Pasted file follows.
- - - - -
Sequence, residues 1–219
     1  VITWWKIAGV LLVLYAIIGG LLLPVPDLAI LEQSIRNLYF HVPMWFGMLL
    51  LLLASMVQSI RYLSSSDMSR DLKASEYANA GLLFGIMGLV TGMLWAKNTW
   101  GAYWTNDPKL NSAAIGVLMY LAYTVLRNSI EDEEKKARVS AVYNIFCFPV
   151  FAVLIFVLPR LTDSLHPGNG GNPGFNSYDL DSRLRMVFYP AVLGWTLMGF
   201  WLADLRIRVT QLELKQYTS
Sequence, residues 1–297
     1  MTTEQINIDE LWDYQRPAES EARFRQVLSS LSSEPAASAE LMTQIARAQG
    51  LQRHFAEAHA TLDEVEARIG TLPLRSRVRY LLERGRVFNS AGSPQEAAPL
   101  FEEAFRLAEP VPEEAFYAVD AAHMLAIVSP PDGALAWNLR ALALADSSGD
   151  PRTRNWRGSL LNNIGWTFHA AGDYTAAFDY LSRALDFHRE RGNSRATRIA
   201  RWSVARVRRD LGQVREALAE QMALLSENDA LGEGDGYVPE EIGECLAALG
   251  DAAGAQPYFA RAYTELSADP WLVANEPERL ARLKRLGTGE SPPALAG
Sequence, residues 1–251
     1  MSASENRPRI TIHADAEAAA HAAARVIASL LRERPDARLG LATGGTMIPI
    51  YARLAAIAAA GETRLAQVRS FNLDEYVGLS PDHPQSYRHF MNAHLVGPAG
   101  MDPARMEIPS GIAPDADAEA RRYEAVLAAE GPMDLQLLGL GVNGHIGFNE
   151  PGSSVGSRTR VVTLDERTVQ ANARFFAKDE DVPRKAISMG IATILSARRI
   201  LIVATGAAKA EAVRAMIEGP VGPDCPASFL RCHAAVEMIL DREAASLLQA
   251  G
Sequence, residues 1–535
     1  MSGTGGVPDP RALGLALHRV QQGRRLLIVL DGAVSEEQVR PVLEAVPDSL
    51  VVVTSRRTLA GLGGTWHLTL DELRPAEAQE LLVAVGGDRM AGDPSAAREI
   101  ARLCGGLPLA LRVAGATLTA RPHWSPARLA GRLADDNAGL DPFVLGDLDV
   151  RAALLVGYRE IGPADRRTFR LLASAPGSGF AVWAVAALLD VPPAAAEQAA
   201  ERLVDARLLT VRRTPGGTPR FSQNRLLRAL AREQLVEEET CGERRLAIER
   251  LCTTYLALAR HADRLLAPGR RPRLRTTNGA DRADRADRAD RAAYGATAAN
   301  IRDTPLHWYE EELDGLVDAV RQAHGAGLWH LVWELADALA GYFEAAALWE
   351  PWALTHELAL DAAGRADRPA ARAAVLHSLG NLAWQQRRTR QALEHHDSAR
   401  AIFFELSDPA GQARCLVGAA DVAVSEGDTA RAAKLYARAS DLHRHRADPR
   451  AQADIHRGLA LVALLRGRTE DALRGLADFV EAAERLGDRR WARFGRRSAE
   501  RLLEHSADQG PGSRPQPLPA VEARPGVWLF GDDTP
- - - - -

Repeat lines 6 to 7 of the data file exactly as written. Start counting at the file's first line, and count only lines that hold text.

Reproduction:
   201  WLADLRIRVT QLELKQYTS
Sequence, residues 1–297